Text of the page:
You have unique talents that the world should see. Now more than ever, it is much easier to get your name and work out there in order to be considered for a travel writing position. 

Gather all the tools you need, make a game plan with these steps in mind, and plan to turn many of your experiences into stories.

2. Write constantly

This one's a no-brainer. If you're going to become a travel writer, you need to practice writing! 

Whether you're going to the beach for summer vacation, exploring the new town you've just moved to, or going on an exotic trip overseas, write about it. Think about a cool experience you had when you met someone on the street. Refresh your memory as you think back to a fun trip you took with your parents when you were young. Be descriptive! What did you see, smell, feel, and hear on your adventure?

It doesn't have to be a novel, but more like a journal entry. Find a good flow as you pour your thoughts and emotions onto the page, follow your mind's tangents, and see where it takes you.

3. Read constantly

There's no better way to hone your writing skills than to study the works of other travel writers

Subscribe to magazines like National Geographic, Travel & Leisure, or Lonely Planet and let your wanderlust take over as you dive in. 

Browse top travel blogs that have made the first page of Google or have received recognition awards. 

Pick up books by authors like Bill Bryson, Paul Theroux, and Jack Kerouac and read them cover to cover.

Read things that aren't about travel, including books written by the "greats" and more contemporary authors

What's all the reading for, you ask? This will help you get acquainted with what genres are out there, choose what writing styles you like best, and determine what it is that makes their writing so captivating. Voila! You can now fuse some of their techniques with your own creative abilities to write even better stories.

4. Be able to travel

Many people have one idea in their heads about travel writers. We tend to envision the trips they take as glamorous, round-the-world adventures that we simply can't manage at this stage in our busy lives.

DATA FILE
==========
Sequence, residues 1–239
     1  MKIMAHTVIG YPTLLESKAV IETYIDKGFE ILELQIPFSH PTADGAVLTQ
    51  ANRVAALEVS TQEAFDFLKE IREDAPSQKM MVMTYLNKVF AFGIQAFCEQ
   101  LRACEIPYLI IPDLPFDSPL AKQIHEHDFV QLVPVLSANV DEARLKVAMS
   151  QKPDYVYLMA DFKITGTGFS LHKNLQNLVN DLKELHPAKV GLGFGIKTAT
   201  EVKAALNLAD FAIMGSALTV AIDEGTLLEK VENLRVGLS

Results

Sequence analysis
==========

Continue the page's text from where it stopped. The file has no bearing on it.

What's holding you back from becoming a travel writer? You may have a full-time job, a family with kids to care for, and a measly seven dollars in your savings account stopping you from traveling. But the fact is, you need to travel to write about it! Thankfully, it doesn't have to be as glamorous as you think, especially not at first.

Take all the excuses you've made about not being able to travel and come up with solutions to each of them. Work them out. If you want it bad enough — to be a travel writer and sell your stories — you'll do what it takes to make it happen. 

Your specific obstacles require specific problem-solving. Keep in mind that you don't have to go to another country for it to count as "real" travel. Head to the next city or state over for a mini road trip or weekend getaway. You'd be surprised what adventures you can find near you!

5. Decide what kind of writing you want to do

Do you want to write guidebooks, hotel reviews, ebooks, magazines, or full-blown novels? How about writing solo, collaborating with other travel writers, or for a travel agency? 

Travel writing isn't all about service pieces! If your idea is unique to your experience, has a strong voice, and isn't just a generic listicle, you will stand out that much more from the sea of travel content out there. 

Blaze a new trail in creating the content you are proud of.


How to be a travel writer

6. Create a website and start a blog

Each year, starting a blog becomes easier and easier. These days, with just an idea and a few clicks you can lock down a website domain and start a blog all on your own! No need to pay for anyone to set it up for you! Websites like Bluehost can host your website, or you can build a gorgeous blog with Wordpress or Squarespace.